Fortune 50 Stashing $800 Billion in Offshore Profits

cash chest

by on September 30, 2013

88% of the Fortune 50 Use Foreign Tax Havens

At the recent G20 summit, finance ministers discussed closing loopholes that allow multinational corporations to stash profits in offshore tax havens such as the Cayman Islands and Bermuda. In the U.S., Senator Carl Levin has introduced the “Stop Tax Haven Abuse Act” to prohibit U.S. corporations from avoiding paying taxes on their offshore income.

NerdWallet Taxes conducted a study of the Fortune 50 to find that 88% are stashing profits in foreign subsidiaries. But just how much tax revenue is at stake?

Top 20 Companies Earned $743 Billion in Offshore Profits

Our analysis reveals that the top 20 companies account for roughly 50% of the Fortune 500′s $1.6 trillion total in offshore earnings, collectively earning $743 billion in total profits.  While each company reported its offshore profits, only six provided an estimate of their U.S. income tax liability if they repatriated those profits. All other companies reported that providing an estimate would not be “practicable,” so we assumed that their net tax rate on offshore earnings would be the U.S. rate of 35% minus the foreign tax rate they paid. Combined, the top 20 companies would owe an estimated $119 billion in taxes on their offshore profits.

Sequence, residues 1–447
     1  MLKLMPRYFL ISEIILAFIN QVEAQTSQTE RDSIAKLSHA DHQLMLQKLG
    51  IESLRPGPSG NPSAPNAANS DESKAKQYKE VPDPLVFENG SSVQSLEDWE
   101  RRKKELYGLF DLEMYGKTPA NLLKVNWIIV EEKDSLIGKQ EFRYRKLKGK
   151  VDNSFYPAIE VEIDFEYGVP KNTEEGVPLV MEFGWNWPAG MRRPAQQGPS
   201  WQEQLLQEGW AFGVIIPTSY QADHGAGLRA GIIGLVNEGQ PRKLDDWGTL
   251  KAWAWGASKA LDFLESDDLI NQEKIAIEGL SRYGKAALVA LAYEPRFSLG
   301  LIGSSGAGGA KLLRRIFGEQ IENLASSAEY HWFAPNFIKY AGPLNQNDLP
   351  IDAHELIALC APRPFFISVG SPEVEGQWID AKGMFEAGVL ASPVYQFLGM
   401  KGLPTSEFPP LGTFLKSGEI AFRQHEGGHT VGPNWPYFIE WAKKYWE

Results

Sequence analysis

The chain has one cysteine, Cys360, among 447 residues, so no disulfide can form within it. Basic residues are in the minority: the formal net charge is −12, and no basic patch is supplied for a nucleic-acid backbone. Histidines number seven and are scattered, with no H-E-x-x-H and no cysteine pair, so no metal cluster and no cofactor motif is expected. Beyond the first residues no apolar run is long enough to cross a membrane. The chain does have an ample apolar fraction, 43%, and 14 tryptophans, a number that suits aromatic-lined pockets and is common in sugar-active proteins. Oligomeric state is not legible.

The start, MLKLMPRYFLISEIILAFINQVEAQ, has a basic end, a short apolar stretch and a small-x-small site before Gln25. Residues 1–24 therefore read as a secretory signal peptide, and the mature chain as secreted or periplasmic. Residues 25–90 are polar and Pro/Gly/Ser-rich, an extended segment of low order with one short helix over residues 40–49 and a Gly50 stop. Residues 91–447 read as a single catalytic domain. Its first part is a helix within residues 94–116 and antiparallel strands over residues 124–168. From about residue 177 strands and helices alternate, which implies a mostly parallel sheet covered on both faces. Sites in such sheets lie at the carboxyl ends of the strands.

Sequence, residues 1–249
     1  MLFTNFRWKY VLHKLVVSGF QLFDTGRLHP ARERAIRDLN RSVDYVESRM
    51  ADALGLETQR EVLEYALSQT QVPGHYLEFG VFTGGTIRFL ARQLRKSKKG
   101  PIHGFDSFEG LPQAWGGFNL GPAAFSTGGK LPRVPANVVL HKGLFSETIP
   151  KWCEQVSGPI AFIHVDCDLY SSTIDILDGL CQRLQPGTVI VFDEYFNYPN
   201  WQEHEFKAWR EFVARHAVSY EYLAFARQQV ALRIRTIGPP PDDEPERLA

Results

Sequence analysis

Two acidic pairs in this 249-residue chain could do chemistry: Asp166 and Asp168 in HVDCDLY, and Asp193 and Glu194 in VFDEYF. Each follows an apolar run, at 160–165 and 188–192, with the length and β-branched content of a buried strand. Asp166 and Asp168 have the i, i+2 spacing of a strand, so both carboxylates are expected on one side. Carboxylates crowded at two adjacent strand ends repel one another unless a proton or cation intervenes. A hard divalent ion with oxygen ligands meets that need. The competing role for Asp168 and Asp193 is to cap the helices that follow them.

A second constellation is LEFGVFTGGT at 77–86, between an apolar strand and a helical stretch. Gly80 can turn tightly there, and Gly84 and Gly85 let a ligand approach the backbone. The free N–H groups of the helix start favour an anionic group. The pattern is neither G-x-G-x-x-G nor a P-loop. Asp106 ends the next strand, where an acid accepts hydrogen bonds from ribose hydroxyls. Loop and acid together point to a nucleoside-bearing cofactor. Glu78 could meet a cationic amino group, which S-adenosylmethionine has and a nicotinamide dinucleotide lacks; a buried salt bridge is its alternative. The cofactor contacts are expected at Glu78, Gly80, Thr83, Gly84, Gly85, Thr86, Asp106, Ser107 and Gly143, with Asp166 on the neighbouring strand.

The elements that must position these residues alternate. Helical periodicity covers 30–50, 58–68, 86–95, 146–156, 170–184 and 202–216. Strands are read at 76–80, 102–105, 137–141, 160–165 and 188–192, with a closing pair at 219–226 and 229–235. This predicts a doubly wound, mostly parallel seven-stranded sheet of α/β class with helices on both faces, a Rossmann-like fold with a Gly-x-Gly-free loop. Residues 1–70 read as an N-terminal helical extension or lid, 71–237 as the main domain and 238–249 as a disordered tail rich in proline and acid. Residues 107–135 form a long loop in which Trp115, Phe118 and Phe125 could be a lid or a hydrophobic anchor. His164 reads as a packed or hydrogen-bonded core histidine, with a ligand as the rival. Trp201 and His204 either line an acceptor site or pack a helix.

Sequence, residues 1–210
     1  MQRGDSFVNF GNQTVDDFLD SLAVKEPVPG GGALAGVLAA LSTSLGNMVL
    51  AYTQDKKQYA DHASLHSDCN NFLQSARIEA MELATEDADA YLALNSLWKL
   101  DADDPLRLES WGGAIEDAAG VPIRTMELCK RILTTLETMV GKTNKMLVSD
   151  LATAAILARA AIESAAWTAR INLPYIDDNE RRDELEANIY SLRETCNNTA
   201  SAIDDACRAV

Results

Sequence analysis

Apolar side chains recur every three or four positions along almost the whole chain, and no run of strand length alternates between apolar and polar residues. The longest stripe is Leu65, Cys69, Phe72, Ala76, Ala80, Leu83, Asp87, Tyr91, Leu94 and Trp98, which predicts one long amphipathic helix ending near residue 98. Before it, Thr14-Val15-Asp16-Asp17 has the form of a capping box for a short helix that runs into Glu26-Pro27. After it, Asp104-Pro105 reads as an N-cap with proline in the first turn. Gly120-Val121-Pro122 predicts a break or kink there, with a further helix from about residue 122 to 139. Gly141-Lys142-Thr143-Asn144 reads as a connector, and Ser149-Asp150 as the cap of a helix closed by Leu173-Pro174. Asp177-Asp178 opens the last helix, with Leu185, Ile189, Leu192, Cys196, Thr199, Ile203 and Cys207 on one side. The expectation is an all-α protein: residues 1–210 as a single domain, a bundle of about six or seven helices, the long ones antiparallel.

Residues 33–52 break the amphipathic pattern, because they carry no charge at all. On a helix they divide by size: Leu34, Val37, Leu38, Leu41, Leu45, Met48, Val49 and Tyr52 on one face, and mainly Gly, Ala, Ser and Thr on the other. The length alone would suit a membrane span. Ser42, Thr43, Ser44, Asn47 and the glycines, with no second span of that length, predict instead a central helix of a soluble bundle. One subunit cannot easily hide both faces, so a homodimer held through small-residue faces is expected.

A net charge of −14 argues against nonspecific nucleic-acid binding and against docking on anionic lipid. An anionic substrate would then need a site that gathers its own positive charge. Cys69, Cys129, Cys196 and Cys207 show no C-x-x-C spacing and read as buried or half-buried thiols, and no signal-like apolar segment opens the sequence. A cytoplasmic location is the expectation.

The Top 10 Companies Account for 68% of Offshore Profits

1. General Electric

GE tops the Fortune 50 list with $108 billion in foreign earnings. If it were to bring these earnings back to the U.S., G.E. would pay at least $3 billion in U.S. federal income taxes. This estimate is conservative because actual U.S. tax rates on its foreign earnings are likely to be higher; it is likely that GE did not pay foreign income taxes on all of its cumulative earnings, especially if it stored any of those profits in tax havens.

 2. Microsoft

Microsoft  ranks 2nd with $76.4 billion in offshore earnings and paid the third lowest rate of 9% in foreign income taxes. It estimates it would owe $24 billion to the IRS on its offshore profits.

 3. Pfizer